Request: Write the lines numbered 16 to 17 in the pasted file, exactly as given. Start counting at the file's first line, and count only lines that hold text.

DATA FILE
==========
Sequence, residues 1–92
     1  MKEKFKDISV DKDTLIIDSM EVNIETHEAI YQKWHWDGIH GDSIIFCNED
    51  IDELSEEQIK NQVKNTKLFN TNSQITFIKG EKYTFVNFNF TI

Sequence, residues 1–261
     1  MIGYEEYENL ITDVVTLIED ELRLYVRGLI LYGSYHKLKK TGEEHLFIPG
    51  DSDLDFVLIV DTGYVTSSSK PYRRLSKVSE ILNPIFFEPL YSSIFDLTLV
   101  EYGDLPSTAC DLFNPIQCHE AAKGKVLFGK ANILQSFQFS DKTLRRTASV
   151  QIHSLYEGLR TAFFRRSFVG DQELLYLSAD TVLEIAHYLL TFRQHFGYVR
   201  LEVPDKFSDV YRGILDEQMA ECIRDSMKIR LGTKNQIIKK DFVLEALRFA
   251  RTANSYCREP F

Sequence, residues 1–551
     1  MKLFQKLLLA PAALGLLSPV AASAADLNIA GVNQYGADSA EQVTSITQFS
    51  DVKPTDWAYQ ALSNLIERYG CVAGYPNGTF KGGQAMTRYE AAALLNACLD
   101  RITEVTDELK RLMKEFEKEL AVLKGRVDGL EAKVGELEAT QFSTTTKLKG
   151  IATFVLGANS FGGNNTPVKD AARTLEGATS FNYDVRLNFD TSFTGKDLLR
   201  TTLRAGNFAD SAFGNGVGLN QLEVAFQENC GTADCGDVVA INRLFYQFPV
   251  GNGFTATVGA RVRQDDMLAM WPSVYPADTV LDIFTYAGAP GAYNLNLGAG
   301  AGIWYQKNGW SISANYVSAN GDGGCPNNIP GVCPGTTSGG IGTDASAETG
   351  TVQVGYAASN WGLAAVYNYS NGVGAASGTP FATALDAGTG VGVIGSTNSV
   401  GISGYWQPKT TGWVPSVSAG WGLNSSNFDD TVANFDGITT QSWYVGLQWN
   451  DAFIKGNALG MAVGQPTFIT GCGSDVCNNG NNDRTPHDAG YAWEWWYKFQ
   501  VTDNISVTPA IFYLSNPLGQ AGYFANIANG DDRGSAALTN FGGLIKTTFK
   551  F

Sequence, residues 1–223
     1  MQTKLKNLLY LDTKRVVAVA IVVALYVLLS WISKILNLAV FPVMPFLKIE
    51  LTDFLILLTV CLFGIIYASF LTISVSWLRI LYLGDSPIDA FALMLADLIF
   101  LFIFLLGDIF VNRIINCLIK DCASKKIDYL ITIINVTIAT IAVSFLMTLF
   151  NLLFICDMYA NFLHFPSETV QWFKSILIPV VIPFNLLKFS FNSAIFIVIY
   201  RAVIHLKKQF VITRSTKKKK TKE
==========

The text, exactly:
   201  TTLRAGNFAD SAFGNGVGLN QLEVAFQENC GTADCGDVVA INRLFYQFPV
   251  GNGFTATVGA RVRQDDMLAM WPSVYPADTV LDIFTYAGAP GAYNLNLGAG